Has Mother Nature tipped her hand ??
Lastly, I wanted to allude again to the recent behavioral trends in actual weather during the past few months. Often times, the weather pattern in autumn can exhibit characteristics or closely foreshadow events or patterns that will occur in the upcoming winter. On a larger scale however, I am most interested in contrasting some of these bigger trends year over year. At the end of last year, I had noted how destructive the upper level ridge in the mid-latitude Pacific was on the winter as a whole. Last year, this ridge feature was fueled by the prevailing La Nina, a generally positive Arctic Oscillation (AO) and a Madden-Julian Oscillation that never “cycled”. This year there has been virtually no evidence that such a feature will be a persistent problem. When there have been indications of an upper ridge in the central Pacific Ocean, it quickly breaks down or never develops as advertised. The second such trend, and one which may have a hand in the behavior of the first, is the AO and frequent appearance of blocking mechanisms at high latitudes. Such a trend could quickly reverse itself of course, but if the high latitude blocking continues as it has over the past 2-3 months, the winter will behave more similar to 2010-2011 and very different verses last year.
Summarized into a forecast
A winter forecast stemming from the first two more traditional variables would be a very cloudy inconclusive picture. The rapid expansion of snow and ice in the high latitude regions this fall combined with the recent behavioral trends in the Pacific Ocean and high latitude regions has me thinking this winter will be on the colder side. In the past several pre-season prognostications, I have generally biased the forecast toward the warmer side of the 30-degree average since it has been statistically unlikely to get a cold winter relative to this average in recent years. I am going to forecast “average” this year which may seem rather tame but relative to other pre-season forecasts and relative to a more recent 10-year average this is actually rather bold and quite cold. Snowfall I think will be a shade below normal mainly because I think it will be drier than normal. The basis for this comes from looking back at ENSO-neutral winters and seeing the trend toward drier than normal conditions over New England. In addition to this is recent trend across the area of drier than normal weather. In a sense, I am forecast a poorer man’s version of 2008-2009 which was a generally good winter, full of cold, but also full of some drier stretches of weather and periodic instances where snow and cold is confined to western North America. Quantitatively this translates into a total snowfall of 225-250 inches which is slightly below the 250-260 inch normal but much improved over last winter.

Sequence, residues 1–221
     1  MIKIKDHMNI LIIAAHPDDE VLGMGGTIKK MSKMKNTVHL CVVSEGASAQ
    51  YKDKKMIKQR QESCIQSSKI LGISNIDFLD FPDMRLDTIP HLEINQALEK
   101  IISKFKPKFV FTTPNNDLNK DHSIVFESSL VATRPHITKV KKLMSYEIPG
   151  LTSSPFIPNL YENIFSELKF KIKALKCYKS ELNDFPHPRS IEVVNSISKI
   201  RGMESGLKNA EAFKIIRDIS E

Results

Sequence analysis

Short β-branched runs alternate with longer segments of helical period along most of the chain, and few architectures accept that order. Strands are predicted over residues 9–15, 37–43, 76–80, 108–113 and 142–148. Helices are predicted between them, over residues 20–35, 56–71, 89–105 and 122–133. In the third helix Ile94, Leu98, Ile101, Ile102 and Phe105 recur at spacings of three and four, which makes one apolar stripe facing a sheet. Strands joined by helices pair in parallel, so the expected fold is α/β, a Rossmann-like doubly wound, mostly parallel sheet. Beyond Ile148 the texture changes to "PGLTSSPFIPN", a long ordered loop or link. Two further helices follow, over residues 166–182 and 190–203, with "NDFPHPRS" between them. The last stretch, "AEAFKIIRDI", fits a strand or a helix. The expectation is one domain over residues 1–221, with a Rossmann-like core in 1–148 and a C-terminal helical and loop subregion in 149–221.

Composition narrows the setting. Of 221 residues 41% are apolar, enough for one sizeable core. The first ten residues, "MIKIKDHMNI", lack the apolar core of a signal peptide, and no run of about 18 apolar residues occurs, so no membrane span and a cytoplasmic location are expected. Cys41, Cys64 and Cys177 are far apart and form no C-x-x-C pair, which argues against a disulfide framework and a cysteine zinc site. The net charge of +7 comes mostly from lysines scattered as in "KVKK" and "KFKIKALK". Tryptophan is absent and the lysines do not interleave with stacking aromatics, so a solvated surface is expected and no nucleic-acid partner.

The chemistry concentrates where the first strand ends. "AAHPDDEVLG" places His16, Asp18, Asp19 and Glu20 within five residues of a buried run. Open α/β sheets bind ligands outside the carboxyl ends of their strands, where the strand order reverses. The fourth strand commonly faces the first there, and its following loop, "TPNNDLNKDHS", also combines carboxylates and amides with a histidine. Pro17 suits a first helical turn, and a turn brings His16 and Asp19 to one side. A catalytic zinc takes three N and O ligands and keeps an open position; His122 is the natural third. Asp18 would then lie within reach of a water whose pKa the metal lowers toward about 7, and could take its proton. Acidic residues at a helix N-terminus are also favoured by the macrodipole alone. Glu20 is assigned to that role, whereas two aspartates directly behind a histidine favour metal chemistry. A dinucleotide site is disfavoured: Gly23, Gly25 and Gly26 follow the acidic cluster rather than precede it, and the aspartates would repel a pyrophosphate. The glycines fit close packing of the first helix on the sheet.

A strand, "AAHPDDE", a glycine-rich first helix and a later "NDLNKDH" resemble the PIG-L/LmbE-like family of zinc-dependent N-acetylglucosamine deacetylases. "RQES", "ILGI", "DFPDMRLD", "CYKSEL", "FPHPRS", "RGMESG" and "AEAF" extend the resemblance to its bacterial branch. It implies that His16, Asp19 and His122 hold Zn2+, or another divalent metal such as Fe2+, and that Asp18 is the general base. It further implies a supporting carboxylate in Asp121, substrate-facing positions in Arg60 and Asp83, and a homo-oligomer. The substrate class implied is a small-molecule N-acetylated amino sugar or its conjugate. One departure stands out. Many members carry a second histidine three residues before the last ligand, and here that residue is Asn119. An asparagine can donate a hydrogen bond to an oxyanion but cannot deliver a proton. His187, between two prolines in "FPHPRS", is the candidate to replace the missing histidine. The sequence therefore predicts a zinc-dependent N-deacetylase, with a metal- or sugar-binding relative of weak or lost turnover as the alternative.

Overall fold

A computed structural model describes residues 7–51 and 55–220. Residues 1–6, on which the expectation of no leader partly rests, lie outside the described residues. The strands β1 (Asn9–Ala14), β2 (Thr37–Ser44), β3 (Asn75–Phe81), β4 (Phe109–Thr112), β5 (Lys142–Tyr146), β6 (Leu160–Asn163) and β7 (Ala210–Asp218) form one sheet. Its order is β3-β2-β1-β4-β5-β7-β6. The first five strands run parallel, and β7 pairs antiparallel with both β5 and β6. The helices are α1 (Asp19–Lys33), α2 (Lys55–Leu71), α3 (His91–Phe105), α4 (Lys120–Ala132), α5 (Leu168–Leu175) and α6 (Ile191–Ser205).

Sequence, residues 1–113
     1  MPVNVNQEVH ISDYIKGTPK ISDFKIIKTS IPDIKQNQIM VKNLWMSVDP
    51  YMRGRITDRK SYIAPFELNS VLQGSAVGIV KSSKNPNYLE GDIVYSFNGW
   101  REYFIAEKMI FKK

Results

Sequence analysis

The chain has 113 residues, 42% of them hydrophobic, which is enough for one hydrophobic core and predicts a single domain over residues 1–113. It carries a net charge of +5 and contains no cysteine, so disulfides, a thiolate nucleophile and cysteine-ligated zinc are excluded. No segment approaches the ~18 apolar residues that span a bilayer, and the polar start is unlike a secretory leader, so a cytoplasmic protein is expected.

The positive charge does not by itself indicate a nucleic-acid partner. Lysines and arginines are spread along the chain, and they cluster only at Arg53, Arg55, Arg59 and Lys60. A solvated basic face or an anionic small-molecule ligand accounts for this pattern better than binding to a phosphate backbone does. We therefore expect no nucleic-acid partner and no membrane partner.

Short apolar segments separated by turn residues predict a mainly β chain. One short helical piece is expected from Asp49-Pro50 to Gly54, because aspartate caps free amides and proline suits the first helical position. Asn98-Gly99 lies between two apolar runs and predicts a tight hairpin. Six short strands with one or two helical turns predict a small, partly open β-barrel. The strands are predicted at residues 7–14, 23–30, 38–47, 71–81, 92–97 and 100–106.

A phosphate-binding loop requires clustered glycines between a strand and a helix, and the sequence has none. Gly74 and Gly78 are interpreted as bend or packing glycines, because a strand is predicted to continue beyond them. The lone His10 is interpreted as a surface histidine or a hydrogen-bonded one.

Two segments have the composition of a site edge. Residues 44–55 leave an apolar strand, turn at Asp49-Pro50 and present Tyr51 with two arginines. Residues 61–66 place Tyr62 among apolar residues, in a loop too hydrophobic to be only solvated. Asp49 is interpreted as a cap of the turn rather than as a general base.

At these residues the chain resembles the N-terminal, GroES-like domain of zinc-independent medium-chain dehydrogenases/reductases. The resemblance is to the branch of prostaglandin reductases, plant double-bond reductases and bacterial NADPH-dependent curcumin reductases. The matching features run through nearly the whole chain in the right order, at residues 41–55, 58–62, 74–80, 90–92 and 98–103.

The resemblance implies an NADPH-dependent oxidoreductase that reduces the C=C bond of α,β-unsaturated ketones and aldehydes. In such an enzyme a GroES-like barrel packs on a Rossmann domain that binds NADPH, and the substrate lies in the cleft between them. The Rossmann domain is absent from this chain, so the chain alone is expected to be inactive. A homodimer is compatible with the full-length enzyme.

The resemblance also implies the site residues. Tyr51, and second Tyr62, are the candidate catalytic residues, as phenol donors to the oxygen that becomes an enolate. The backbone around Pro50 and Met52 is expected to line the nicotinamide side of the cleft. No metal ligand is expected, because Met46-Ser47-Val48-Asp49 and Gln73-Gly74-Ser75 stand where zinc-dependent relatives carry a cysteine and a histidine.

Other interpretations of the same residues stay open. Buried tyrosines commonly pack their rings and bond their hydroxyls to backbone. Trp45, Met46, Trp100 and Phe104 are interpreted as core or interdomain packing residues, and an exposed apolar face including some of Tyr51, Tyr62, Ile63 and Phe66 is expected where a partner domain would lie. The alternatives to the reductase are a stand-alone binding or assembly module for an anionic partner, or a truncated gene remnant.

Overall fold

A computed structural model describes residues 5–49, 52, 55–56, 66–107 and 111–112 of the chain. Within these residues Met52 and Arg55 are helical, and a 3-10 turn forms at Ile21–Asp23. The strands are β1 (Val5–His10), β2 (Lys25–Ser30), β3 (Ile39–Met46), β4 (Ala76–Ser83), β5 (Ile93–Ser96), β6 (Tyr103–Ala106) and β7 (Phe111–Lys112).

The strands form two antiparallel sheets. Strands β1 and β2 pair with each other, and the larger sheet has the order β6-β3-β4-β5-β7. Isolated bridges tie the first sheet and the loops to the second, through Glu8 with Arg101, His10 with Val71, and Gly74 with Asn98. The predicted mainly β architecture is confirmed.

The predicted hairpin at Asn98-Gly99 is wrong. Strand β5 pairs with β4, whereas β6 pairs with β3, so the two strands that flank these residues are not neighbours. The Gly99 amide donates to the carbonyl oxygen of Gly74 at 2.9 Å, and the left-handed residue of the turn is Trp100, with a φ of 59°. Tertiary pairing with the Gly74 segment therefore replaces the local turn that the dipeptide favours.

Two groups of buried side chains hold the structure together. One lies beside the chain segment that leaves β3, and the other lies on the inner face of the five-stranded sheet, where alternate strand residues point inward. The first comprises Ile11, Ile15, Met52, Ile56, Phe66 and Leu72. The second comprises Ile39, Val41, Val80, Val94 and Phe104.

Enjoy your Thanksgiving feast with a pre-season pass !! The first threat for real snow comes during the middle of next week with some accompanying cold weather. More on that in the days ahead !!